When it comes to teaching dyslexic students to read, the Orton Gillingham approach is one of the oldest and one of the best researched for dyslexia reading programs. This program was developed in the 1930s by Samuel Torrey Orton and Anna Gillingham and is most often used because of its effectiveness. Some teachers like using the Multi-sensory Structured Language [MSL] approach when helping teach dyslexic students how to read. This method is often used most for teaching children with dyslexia and it is beneficial for all children. MSL will teach phonics, comprehension, vocabulary, and accuracy in writing and spelling.
The student is encouraged to use tough, sight, movement, and sound as a part of this learning process. Through these programs teachers and parents can receive MSL training and certification. When teaching dyslexic students to read BE direct and explicit.
Explicit means teaching including describing, modeling, breaking the skills down into steps, providing clear instructions and feedback, providing demonstrations, and presenting all the information in a logical order.
While this may be a tedious step it will greatly help the dyslexic student to understand. These steps and process must be done until the student masters the skill. Never assume that the student has any previous knowledge or understanding of the subject matter.
It is far better to have to repeat a few steps when teaching a dyslexic student how to read than to forge ahead and have them not understand the material.
When teaching dyslexic students how to read be sure to repeat yourself often. Some dyslexic children struggle with short term memory so they may have difficulty remembering what you said. Be sure to take extra time to repeat the instructions, key words, and concepts so they will be more likely to remember what you said and write it down.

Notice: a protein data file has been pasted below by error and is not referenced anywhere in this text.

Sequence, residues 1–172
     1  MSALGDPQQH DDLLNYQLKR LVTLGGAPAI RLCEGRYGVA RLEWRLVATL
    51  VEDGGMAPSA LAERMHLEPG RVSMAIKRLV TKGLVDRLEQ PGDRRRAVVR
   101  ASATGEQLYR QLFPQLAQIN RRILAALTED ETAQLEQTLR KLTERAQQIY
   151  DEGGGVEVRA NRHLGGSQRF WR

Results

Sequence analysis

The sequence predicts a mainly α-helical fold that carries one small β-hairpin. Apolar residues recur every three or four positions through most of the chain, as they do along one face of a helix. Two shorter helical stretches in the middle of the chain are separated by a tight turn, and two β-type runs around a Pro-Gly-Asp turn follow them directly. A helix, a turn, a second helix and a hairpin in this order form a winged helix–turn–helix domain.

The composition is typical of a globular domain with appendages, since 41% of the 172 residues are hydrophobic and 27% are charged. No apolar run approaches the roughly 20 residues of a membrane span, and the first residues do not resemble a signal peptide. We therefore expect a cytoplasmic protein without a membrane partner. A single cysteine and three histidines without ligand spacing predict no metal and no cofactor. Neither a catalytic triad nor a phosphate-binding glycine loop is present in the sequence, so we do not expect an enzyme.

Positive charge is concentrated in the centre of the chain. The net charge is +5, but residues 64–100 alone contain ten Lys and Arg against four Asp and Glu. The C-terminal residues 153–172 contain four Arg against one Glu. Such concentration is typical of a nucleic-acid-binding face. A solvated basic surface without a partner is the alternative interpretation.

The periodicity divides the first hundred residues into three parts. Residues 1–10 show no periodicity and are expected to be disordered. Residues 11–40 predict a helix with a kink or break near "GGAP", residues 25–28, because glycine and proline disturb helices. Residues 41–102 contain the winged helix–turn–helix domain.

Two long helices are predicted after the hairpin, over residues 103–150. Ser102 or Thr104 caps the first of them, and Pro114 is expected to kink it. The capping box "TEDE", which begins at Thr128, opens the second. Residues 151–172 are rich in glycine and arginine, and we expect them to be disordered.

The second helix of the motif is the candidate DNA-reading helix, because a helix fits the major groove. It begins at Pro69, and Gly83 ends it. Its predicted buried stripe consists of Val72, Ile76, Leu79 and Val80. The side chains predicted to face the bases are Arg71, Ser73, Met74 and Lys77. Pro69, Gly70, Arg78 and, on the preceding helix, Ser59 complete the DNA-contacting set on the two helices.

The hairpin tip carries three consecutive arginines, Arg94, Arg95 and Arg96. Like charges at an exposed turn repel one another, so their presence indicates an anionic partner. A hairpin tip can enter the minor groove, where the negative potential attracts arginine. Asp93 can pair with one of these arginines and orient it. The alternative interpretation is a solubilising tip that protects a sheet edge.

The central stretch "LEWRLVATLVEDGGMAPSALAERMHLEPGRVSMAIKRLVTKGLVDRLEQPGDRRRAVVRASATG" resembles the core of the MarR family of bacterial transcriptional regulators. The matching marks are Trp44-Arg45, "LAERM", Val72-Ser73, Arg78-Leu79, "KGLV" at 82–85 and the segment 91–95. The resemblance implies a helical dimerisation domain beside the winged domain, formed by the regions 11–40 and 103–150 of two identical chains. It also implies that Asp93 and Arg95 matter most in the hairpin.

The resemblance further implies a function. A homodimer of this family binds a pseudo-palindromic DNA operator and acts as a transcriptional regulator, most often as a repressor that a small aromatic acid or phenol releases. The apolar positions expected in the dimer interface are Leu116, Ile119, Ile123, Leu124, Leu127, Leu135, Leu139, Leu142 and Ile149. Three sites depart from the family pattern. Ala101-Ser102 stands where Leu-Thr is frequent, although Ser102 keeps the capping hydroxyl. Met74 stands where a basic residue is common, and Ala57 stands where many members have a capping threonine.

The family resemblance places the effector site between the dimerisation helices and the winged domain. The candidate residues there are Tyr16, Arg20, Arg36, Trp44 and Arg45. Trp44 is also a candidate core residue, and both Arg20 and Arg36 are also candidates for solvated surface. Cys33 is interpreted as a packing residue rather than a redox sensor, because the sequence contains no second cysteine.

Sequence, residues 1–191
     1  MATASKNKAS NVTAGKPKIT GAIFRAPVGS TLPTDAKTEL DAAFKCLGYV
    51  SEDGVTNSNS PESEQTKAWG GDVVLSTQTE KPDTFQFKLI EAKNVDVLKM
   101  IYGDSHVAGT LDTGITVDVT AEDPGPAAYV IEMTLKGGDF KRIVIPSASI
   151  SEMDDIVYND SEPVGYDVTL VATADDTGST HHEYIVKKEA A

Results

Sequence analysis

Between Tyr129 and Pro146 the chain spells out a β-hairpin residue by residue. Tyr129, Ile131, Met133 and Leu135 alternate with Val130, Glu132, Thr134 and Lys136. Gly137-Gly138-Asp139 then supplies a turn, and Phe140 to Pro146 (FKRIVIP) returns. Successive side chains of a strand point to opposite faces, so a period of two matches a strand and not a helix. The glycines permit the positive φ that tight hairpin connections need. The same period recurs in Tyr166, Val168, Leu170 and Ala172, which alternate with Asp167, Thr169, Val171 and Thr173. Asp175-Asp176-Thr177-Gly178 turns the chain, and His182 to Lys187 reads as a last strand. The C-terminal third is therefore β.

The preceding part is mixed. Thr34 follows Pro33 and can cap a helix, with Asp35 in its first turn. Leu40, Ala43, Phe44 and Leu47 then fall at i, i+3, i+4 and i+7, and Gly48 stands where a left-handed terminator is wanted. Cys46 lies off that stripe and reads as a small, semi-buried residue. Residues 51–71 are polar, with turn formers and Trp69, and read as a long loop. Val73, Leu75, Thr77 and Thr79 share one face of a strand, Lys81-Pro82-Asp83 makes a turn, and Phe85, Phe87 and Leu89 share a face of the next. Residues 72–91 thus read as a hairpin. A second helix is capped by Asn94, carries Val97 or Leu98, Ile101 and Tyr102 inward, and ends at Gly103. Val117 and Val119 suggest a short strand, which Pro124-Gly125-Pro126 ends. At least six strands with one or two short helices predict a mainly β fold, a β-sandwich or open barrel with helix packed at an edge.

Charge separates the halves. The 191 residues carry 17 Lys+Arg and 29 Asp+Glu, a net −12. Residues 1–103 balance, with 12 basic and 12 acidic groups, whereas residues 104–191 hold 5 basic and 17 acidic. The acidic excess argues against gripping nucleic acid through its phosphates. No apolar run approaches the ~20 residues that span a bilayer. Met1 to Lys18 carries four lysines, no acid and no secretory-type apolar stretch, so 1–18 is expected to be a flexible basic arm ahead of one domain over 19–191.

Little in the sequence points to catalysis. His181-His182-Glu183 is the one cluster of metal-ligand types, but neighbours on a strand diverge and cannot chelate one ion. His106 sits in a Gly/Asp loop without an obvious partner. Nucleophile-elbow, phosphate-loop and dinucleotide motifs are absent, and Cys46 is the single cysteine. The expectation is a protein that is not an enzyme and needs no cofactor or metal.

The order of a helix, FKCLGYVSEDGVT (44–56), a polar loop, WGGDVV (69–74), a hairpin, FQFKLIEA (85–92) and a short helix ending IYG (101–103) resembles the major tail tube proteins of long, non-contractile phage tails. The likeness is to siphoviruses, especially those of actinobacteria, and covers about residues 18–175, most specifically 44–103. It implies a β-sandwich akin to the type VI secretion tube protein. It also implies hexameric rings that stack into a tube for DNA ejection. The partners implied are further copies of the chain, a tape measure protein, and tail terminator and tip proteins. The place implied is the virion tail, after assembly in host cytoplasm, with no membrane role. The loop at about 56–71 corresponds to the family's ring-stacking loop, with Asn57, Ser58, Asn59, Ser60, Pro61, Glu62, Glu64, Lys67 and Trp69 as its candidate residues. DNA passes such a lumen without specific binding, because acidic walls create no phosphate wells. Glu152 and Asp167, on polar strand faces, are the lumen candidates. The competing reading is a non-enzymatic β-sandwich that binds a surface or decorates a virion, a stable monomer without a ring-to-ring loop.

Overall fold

As you build these new skills continue to use any previously learned information. The repetition will help reinforce older skills.
When teaching a dyslexic student how to read you will want to use something known as “diagnostic teaching.” Be sure to continuously assess how well your student understands what’s being taught. If something is not understood you should re-teach the skill. Students with dyslexia, when learning how to read, may require more time and intense instruction to learn.
When teaching dyslexic students how to read you may have to modify your teaching approach as something may be caught on quickly while another takes some time. Be sure to use time wisely when working with dyslexic students. Avoid rushing through a lesson as this can confuse them and not make the information stick. During your time of teaching dyslexic students how to read, DO your best to stick to a daily routine. If you can write down and illustrate each day’s lesson on the wall so the students can see what they can expect each day.
These routines should include information from previous lessons to help reinforce the lessons. Be sure to use lots of positive reinforcement when helping dyslexic students. Children with dyslexia may suffer from low self-esteem or feel that they are not as smart as their classmates. Because of this it is very important to build them up and to use positive reinforcement. There are some programs that are NOT meant for teaching dyslexic students how to read. This is NOT saying that these programs are bad or ineffective but they are not equipped or meant for teaching dyslexic students how to read. These programs are:
- Sylvan Learning
- Hooked on Phonics
- Reading Recovery
- Accelerated Reader
- Vision Therapy
- Brain Gym
- Special Diets
Don’t be afraid to experiment around on what works the best for teaching dyslexic students how to read. With a little work you will find what works best for teaching dyslexic students how to read!